Topic: procd watchdog

i'm trying to develop an application that uses a watchdog. from what i've discovered, procd has a hold of the default linux watchdog (/dev/watchdog). i found a post (link below) that describes how to turn off the item tickling/petting the watchdog, but it doesn't describe how to then tickle the watchdog on your own, so when i disable it, the system will reset within x seconds. i have tried to disable the ubus/procd watchdog and manually writing to /dev/watchdog, but i get a "file busy" like procd still has a hold of the file, it just stopped tickling it.

http://trac.gateworks.com/wiki/watchdog

how do i tickle the watchdog on my own? i'd prefer to do this in C/C++.  if anyone has any suggestions/examples i'd love to hear it.

2 (edited by R1D2 2016-01-18 11:54:25)

Re: procd watchdog

jgoldin1 wrote:

how do i tickle the watchdog on my own? i'd prefer to do this in C/C++.  if anyone has any suggestions/examples i'd love to hear it.

Yes, procd keeps the watchdog file open even if the watchdog is stopped using the ubus command. I would patch procd and disable the whole watchdog handling there to be able to use it in an application (where it makes much more sense to handle a watchdog than in procd if you ask me).

As for handling the watchdog for yourself, see https://www.kernel.org/doc/Documentatio … g-api.txt. Be aware that not all drivers implement every ioctl command described there. For example, the watchdog on certain platforms/OS combinations use hard-coded or upper-limited timeouts, so a WDIOC_SETTIMEOUT may return -1, while WDIOC_GETTIMEOUT may reveal the timeout value actually used (for example, this is the case on WRT160 in AA - but I did not check yet, whether the driver in trunk behaves that way too). So you probably have to adjust the trigger interval to avoid possible reboot loops.

As for examples on how to use, see http://busybox.sourcearchive.com/docume … ource.html or the procd code. However, both examples don't account for hard-coded timeouts or timeouts with a (small) upper-limit, so you may want to extent this, e.g.:

static int wdog_fd = -1;                /* watchdog file descriptor */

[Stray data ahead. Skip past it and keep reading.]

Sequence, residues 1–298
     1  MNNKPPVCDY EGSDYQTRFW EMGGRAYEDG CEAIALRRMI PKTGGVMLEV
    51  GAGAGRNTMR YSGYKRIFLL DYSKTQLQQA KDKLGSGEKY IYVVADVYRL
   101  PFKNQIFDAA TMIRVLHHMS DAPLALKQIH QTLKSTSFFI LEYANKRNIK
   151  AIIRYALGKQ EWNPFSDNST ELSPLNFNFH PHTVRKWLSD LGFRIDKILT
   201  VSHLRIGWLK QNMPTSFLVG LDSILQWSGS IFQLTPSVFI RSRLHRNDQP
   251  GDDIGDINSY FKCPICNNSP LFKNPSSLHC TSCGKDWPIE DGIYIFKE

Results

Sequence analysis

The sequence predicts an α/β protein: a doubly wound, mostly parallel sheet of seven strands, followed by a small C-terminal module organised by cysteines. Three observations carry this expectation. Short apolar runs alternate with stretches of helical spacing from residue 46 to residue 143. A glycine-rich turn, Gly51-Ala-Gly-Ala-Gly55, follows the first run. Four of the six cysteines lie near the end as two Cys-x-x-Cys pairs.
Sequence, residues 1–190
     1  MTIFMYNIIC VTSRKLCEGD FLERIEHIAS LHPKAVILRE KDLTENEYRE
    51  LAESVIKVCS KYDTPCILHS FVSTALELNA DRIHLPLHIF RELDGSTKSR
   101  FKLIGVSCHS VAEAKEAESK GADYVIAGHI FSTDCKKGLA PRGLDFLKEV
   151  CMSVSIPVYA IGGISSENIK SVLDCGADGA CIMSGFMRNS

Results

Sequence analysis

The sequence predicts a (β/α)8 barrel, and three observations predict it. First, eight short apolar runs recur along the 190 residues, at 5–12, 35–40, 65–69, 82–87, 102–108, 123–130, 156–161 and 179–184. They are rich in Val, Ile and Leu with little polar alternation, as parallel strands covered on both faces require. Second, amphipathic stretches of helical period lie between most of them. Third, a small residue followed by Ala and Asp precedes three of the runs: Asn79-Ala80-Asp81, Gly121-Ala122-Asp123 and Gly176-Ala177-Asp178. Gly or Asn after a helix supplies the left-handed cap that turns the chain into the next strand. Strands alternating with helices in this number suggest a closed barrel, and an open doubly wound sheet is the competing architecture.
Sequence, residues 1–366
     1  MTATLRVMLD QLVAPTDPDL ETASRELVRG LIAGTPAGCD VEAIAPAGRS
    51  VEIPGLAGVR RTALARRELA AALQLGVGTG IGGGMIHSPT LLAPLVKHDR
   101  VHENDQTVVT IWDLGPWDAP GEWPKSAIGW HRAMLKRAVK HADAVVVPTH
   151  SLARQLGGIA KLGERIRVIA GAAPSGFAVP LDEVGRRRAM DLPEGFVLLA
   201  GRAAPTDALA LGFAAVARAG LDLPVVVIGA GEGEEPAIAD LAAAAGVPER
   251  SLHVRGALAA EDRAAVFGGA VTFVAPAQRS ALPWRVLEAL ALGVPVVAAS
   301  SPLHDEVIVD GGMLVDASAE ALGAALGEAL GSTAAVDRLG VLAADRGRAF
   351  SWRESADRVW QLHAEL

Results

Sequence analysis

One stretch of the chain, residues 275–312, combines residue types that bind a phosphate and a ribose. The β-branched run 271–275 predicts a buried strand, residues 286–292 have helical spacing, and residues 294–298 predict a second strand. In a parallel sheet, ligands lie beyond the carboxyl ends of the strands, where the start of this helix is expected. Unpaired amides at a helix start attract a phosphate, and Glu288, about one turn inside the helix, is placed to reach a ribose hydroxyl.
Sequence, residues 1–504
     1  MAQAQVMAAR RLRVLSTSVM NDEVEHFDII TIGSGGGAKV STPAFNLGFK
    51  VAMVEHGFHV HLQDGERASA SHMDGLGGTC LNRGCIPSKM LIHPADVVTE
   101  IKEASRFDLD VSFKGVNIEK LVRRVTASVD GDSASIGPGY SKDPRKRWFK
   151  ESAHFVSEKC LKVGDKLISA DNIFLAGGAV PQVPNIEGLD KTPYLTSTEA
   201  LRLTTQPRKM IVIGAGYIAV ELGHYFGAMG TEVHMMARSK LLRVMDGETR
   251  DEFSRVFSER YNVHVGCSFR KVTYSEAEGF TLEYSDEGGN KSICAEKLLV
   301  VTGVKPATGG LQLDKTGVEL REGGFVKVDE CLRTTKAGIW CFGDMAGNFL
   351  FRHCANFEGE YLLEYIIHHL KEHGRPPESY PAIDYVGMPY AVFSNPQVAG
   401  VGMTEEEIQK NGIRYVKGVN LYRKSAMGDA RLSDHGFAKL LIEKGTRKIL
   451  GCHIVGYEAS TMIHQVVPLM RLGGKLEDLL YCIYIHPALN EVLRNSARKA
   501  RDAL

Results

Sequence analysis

u_int wdinterval, wdtimeout;            /* defined somewhere in your config section */

/*
** Open watchdog device and initialize the watchdog.
** Return file descriptor on success, -1 on error.
*/  
int wd_init(char *dev, u_int timeout) {
        u_int tmout = timeout;          /* wanted timeout (may be changed by WDIOC_SETTIMEOUT!) */
        int rc;

        if ((wdog_fd=open(dev, O_RDWR)) < 0) {
                (void) fprintf(stderr, "Could not open watchdog device (%s)", strerror(errno));
                return -1;
        }
#if defined(WDIOC_SETOPTIONS) && defined(WDIOS_ENABLECARD)
        /*
        ** We probably need to enable the hardware watchdog using WDIOS_ENABLECARD
        ** if the driver implements WDIOC_SETOPTIONS. Possible error indications
        ** are ignored and errno needs to be cleared thereafter.
        */
        rc = WDIOS_ENABLECARD;
        (void) ioctl(wdog_fd, WDIOC_SETOPTIONS, (void *) &rc);
        errno = 0;
#endif
        /*
        ** On some platforms (e.g. the WRT160NL) the WDIOC_SETTIMEOUT ioctl
        ** returns an error indication, since the watchdog uses a hard-coded
        ** (or limited) timeout. Therefore we need to check for this situation
        ** and corrcect the interval/timeout set in the config file to avoid
        ** possible reboot loops if the interval exceeds the fixed timeout.
        */
        if ((rc=ioctl(wdog_fd, WDIOC_SETTIMEOUT, &tmout)) < 0) {
                (void) fprintf(stderr, "Could not set watchdog timeout - returned timeout is %u (%s)", tmout, strerror(errno));

                rc = ioctl(wdog_fd, WDIOC_GETTIMEOUT, &tmout);
                (void) fprintf(stderr, "Tried to get watchdog timeout - rc is %d, returned value is %u (%s)", rc, tmout, strerror(errno));
        }

        if (tmout != timeout) {
                wdtimeout = tmout;
                if ((wdinterval = tmout/3) == 0)
                        wdinterval = 1;
                (void) fprintf(stderr, "Returned timeout value is %u, reset interval to %u", tmout, wdinterval);
        }
        return wdog_fd;                 /* return watchdog fd */
}

Note that WDIOC_SETTIMEOUT may change the timeout stored in tmout, but on the WRT160NL it does not do so, while WDIOC_GETTIMEOUT returns the actual timeout, which is 15 seconds on the WRT160NL running AA.

Re: procd watchdog

I completely agree that handling of watchdog should be done outside procd. What was the reason of making it part of procd?

I'm working on several hardware devices and products that because of this have an additional hardware watchdog implemented with small attiny mcu that get tickled by one openwrt gpio.

This has made a huge impact on reliablity of products that we are deploying, but if you aren't creating your own hardware then you are stuck with only having kernel built in watchdog and it would make much more sense if you have control over it and not only that procd bogarts it smile

Re: procd watchdog

Seams that with patch for magicclose things are looking better now:
https://git.openwrt.org/?p=project/proc … 83073fabb1

Re: procd watchdog

I wrote a detailed blog post regarding how to use hardware watchdog and how to manually take control over it:
http://kernelreloaded.com/manually-cont … -watchdog/

Re: procd watchdog

Excellent docs ! Now I can clean up the wild hack, I did to get around watchdog in procd.
Thanx a lot.